keatonatron wrote:One similarity, I think, to what I'm trying to explain is the "R" and "L" problem. I have often heard it said that the Japanese "R" sound is more like a mixture of "R" and "L", and where it falls between the two depends on the speaker. Some people pronounce it just like the English "R", and some people even pronounce it very close to the English "L", but either way, Japanese speakers don't distinguish between the two and don't differentiate (that doesn't mean they can't hear the difference; it simply means nothing to them so they ignore it).
Now, does anyone agree with me this far?
No, I'm afraid not.So, if Japanese people can use both "R" and "L" for the same thing without noticing the difference (because it doesn't affect meaning one bit), what's to say they couldn't use both "s" and "th" without noticing a difference?
Still in agreement?
However, if you are talking about "s" and "th" sounds in English words, I agree with you.
But you are talking about "s" and "th" sounds in Japanese words, right? I should say your thesis is wrong. Don't you know that it's usually considered to be difficult to produce "th" sound by English learners in Japan? Unlike "R", Japanese "S" is not a mixture of "S" and "th".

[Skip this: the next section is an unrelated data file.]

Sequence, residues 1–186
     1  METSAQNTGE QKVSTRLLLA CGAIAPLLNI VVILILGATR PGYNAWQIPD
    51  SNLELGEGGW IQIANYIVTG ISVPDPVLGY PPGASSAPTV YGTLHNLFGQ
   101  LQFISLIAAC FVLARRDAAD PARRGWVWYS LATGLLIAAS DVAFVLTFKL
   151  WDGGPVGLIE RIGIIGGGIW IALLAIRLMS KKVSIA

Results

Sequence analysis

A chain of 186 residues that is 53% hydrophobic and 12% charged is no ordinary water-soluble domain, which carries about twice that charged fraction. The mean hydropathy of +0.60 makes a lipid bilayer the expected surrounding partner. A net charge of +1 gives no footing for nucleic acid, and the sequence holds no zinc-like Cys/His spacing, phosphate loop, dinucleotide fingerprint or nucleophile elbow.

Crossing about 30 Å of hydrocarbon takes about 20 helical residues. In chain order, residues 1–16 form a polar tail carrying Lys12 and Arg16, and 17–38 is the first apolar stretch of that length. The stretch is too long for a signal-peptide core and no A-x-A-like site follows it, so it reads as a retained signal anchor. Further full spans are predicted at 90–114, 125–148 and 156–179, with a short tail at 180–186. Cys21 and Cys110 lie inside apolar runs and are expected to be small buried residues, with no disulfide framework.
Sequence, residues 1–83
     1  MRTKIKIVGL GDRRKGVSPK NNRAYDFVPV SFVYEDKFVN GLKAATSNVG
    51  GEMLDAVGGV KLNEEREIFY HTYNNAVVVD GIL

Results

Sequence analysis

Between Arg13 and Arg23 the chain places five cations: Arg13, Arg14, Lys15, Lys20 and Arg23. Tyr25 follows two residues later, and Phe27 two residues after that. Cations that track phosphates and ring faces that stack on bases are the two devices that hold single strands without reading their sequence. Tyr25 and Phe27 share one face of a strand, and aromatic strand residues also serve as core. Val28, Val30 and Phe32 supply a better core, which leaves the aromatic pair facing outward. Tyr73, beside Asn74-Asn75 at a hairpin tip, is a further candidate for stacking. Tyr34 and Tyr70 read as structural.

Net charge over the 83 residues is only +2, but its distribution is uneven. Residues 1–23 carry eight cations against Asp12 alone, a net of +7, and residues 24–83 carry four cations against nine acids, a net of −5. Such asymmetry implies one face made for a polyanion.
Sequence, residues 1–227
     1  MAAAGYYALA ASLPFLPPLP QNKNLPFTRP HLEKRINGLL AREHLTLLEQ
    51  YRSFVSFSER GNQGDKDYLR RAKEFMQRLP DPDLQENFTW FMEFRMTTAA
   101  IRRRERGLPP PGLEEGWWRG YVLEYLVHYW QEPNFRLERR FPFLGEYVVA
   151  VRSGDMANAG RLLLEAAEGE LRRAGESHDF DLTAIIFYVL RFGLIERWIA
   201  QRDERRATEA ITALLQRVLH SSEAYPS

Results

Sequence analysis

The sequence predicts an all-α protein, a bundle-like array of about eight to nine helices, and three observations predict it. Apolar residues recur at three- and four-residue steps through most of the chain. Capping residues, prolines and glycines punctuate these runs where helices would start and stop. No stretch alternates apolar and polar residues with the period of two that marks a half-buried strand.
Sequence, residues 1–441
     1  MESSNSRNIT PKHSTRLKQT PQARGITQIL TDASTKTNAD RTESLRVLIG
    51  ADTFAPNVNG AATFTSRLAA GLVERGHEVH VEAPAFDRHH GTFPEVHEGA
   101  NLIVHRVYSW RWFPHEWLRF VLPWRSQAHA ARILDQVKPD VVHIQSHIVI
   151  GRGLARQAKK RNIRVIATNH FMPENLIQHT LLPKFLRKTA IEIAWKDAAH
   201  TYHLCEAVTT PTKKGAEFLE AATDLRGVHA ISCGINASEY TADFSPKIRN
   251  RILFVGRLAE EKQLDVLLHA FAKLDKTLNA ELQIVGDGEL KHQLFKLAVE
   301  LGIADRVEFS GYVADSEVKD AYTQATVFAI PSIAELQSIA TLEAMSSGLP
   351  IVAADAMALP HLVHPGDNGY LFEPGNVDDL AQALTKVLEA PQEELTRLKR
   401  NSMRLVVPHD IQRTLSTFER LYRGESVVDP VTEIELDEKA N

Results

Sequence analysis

If you'd like to talk about "s"(sea) and "sh"(shore) in Japanese, it depends on the words. In some words, we accept the difference. But in some words, they are not interchangeable.
If you go that far, then it's logical to say that a lisp, which is just using "th" instead of "s", would be noticed by Japanese people, even if they are not prodded.If you go that far, then it's logical to say that a lisp, which is just using "th" instead of "s", would not be noticed by Japanese people, even though it is noticed by us. I never said Japanese people can't hear a lisp, I said they don't notice it without some prodding.
The reason why they can't make out "th" sound in English words is that they automatically translate it into Japanese sound in their brains, which is "s". The "th" sounds in unfamiliar English words are unanticipated for their brains. But there is no reason for them to translate Japanese sound into Japanese sound. They always anticipate the proper sound in the word. Therefore, it's easy to catch the difference.